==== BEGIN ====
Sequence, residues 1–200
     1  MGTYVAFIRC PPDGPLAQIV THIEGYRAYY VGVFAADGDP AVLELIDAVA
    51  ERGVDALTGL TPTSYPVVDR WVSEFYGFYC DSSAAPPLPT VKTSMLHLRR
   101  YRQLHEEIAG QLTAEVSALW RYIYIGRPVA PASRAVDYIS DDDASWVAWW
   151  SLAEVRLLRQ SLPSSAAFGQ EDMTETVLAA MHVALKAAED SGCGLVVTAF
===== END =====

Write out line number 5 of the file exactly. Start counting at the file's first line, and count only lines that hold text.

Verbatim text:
   151  SLAEVRLLRQ SLPSSAAFGQ EDMTETVLAA MHVALKAAED SGCGLVVTAF